Will Wisconsin Newspapers Write about the Smoking Gun?

A video has surfaced that by any measure is critical to understanding Wisconsin's recall fight.

Ever since he unveiled his plan to put an end to collective bargaining for public sector workers and make it much more difficult for them to organize, Governor Scott Walker has consistently argued that he campaigned on the measure and no one should have been surprised by his actions.

Walker introduced his "budget repair bill" on February 11, 2011, sparking massive protests. A short time later, he defended the bill: "The simple matter is I campaigned on this all throughout the election. Anybody who says they are shocked on this has been asleep for the past two years." (Yet, in private, he characterized it as "dropping the bomb" to a prank caller he thought was David Koch.)

Reporters looked and failed to find any campaign speech, ad or interview where Walker talked about his plans to gut collective bargaining and balance the budget on the backs of working families. Collective bargaining started in Wisconsin 50 years ago and has been embraced by Republican and Democratic administrations. Unions argued that if his plans had been made public prior to the election, Walker would never have won.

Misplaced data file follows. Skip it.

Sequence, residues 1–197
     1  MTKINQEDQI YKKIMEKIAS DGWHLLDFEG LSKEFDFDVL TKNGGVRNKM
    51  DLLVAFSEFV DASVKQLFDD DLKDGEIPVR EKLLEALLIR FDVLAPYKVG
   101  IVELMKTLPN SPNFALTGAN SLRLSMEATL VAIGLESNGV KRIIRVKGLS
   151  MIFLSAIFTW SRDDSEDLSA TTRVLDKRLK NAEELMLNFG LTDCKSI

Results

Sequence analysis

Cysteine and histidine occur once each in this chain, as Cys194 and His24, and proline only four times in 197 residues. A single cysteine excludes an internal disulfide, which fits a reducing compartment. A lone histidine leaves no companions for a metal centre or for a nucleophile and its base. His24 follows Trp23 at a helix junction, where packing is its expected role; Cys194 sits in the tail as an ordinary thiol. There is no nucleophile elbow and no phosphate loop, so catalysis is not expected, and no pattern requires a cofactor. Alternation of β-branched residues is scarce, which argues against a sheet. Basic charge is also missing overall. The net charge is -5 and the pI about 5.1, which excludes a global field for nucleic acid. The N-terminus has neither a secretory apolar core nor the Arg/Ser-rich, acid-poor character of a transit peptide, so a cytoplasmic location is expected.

On January 17, 2012, 1.9 million petitions to recall Walker and his top lieutenants were submitted to the state elections board. A recall election may be scheduled as early as June. Today, Walker is putting his integrity on the line, with an aggressive million dollar TV ad campaign, the theme of which is "Promises Kept."

Whether or not Walker was lying or "keeping his promises" is a rather important matter at the moment. But you would not know that by reading two of the state's largest newspapers.

Smoking Gun Video

The video of candidate Scott Walker talking to the Oshkosh Northwestern editorial board was unearthed by "Uppity Wisconsin" blogger Jud Lounsbury. The video was taped one week prior to the November 2010 election and shows Walker explaining how he would "negotiate" wage and benefit cuts with unions using the collective bargaining process if elected governor.

The video shows that Walker was not only not talking about his plans to bust Wisconsin public sector unions, he was in fact saying he would do the opposite, negotiate with the unions.

The video comes as close to a smoking gun as it gets in today's politics. But apparently that is not enough for the state's two largest newspapers.

Largest Papers Fail to Pick up the Story

Lounsbury spent some time sending the video around to the state's political reporters. Lounsbury emailed the Wisconsin State Journal, the state's official newspaper of record. Chris Rickert, a conservative Wisconsin State Journal columnist, did not appreciate the suggestion that he write about the video: "I guess if I was interested in ancient history. You all need to get over it. Breaking news: Politicians lie!"

An ironic response from a paper that is rarely critical of anything Walker does or says. The paper has yet to write a single sentence on the matter, online or in print.